Research

Emergency Costs Went Up When Freestanding ERs Arrived in Texas

When an additional freestanding emergency department (FED) entered a local market in Texas, out-of-pocket costs and emergency provider reimbursement went up 3.6 percent per insured beneficiary, according to Rice University research published this month in American Emergency Medicine.

The study looked at data in four states, but Texas FEDs were especially prolific. The study analyzed 495 Public Use Microdata Areas (PUMA), looking at the number of FEDs in each location and comparing other cost and demographic data. By 2017 there were only 51 PUMAs in Texas without an FED, meaning 74% of PUMAs in Texas had at least one. In Arizona, only 28% of PUMAs had one, 22% in Florida, and 14% in North Carolina had one or more FrEDs.

In addition to the growth of FEDs, spending per enrollee was also much higher in Texas than other states in the study. During the four years in the study, spending per enrollee grew from about $132 to $216, and out-of-pocket costs jumped from about $54 to $72. Mean spending per BCBS enrollee in Texas was more than twice as high in Texas than other states in the study.

(Courtesy of: Rice University)

The healthcare market does not function like a normal one should, and supply often induces demand. The number of hospitals built in DFW over the last decade far outpace the population growth, and “a bed built is a bed filled,” some say. When the added medical facility supply is freestanding emergency rooms, which are almost always out-of-network and more expensive than hospital emergency rooms and urgent care facilities, costs go up. The study found that an additional FED was associated with increased ED utilization in Texas, Florida, and Arizona between three and five percent, but not in North Carolina, where out-of-pocket costs actually decreased 15.3 percent.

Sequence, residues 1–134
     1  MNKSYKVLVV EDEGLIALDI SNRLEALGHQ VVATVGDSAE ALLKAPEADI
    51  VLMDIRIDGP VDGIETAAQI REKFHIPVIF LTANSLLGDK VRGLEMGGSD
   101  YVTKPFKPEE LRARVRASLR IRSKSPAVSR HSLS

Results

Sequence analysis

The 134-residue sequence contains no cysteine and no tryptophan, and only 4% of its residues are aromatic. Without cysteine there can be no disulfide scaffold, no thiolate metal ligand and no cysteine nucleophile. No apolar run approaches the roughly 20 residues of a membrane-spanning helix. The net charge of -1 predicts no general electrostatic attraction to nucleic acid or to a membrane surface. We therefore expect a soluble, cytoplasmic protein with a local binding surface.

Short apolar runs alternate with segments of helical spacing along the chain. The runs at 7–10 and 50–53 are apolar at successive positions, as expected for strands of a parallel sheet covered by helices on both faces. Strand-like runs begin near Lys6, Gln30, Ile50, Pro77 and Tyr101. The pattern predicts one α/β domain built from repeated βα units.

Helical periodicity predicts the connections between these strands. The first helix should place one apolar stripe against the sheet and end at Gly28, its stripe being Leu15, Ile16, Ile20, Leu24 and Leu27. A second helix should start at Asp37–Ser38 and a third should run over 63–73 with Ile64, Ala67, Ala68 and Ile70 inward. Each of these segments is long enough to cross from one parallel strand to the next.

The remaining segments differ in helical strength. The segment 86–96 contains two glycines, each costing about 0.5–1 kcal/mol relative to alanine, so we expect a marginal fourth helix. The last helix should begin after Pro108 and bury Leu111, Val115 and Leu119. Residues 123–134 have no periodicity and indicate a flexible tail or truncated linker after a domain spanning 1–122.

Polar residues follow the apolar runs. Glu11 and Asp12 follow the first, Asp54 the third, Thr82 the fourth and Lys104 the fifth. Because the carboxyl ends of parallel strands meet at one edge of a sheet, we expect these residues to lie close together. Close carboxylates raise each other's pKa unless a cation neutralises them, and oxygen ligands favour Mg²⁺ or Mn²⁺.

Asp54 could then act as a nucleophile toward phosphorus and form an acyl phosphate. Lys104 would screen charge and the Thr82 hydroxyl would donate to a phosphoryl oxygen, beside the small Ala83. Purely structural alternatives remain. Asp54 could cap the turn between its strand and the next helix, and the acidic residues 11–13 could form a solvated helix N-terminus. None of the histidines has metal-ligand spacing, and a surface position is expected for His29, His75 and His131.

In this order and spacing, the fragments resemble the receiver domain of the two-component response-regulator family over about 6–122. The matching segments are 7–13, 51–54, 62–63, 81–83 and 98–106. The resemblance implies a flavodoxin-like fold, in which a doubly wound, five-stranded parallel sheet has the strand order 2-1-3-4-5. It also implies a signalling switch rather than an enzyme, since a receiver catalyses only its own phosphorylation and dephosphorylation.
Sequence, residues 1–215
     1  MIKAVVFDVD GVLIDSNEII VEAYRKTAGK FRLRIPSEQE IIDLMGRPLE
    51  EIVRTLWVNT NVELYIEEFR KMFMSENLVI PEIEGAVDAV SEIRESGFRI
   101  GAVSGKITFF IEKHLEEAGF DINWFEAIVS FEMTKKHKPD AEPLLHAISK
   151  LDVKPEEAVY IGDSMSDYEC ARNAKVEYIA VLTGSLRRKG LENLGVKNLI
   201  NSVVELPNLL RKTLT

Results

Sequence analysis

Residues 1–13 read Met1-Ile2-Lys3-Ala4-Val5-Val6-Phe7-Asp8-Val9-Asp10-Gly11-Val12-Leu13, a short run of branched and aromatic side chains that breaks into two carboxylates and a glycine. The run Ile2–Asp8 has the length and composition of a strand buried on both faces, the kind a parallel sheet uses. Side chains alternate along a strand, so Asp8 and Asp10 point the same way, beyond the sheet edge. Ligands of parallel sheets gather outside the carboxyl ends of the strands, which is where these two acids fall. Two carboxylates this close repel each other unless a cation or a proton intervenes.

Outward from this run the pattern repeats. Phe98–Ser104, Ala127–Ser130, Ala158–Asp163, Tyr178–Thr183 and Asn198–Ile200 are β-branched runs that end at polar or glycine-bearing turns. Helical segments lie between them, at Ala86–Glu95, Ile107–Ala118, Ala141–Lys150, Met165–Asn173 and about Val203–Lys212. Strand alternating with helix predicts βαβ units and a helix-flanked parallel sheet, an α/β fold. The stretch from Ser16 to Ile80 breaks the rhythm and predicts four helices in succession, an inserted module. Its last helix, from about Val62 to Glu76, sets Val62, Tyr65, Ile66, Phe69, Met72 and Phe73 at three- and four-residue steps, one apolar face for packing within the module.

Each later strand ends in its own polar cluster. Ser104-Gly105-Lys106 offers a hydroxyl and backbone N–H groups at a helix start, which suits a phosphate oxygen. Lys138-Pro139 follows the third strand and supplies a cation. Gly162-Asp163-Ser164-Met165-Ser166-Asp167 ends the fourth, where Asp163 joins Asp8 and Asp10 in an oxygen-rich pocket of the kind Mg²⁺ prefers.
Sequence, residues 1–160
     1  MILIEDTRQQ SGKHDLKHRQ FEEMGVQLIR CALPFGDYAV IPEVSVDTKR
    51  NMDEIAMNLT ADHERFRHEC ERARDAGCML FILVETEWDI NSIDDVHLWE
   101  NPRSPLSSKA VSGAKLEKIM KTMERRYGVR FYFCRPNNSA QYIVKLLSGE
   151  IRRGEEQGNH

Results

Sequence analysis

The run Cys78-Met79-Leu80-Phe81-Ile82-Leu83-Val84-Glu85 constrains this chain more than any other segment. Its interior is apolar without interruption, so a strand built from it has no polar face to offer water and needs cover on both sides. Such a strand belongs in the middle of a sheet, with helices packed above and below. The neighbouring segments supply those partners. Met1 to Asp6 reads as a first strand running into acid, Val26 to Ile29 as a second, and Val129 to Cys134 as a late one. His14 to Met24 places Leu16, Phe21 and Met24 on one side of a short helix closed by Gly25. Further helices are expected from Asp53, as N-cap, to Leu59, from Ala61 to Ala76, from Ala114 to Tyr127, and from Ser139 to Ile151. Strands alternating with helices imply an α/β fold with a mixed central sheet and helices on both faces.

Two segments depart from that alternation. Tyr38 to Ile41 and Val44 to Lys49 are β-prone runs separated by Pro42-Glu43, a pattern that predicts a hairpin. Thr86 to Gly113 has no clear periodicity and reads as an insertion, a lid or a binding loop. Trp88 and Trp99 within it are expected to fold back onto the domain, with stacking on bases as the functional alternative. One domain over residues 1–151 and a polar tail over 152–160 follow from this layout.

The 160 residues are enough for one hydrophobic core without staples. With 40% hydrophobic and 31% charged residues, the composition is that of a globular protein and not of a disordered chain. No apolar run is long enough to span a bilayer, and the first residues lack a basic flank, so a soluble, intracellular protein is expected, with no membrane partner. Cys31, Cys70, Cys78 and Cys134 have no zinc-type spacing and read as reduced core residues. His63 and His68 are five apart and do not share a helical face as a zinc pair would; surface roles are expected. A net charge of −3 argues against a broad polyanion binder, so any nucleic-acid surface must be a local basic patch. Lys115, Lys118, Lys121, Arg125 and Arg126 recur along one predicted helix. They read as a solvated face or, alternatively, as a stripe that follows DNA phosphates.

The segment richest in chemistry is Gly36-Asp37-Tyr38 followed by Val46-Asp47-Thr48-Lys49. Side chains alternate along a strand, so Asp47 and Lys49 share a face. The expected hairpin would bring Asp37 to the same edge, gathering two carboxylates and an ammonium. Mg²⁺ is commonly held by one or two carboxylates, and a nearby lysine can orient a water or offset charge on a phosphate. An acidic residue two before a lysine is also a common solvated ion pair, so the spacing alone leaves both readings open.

“Proponents of freestanding emergency departments claim that these facilities can relieve the burden of overcrowded waiting rooms in hospital-based emergency departments,” said Vivian Ho, lead author and the James A. Baker III Institute Chair in Health Economics and director of the Center for Health and Biosciences at Rice’s Baker Institute for Public Policy via release. “We sought to test whether these facilities increase spending, because they might serve as supplements to traditional emergency departments rather than substitutes.”

Freestanding emergency departments market themselves as convenient alternatives to hospital that help relieve overcrowded facilities and reduce wait times, and are usually located in well-to-do neighborhoods. But they are responsible for a large portion of surprise medical bills, and some facilities have been criticized for confusing signage that have some patients believing they are in network for major insurers. Legislation has moved against these facilities, which represent 83 percent of all out-of-network emergency room services and end up costing Texans more than $3 billion a year in avoidable healthcare payments.

“Consumers mistakenly thought that freestandings would be low-cost because they look so much like a neighborhood clinic, and facility staff often told patients that their care would be covered by their health insurance, when in fact it wasn’t,” said Ho via release, who is also a professor of economics at Rice and a professor of medicine at Baylor College of Medicine.

The researchers used claims data between 2013 and 2017 from Arizona, Florida, North Carolina and Texas. Rice is part of the Blue Cross Blue Shield Alliance for Health Research, which is meant to be give health researchers access to data to better understand impactful healthcare issues. They coupled reimbursement data with counts of freestanding emergency and controlled for larger trends in emergency care in those markets.

Find the full report here.

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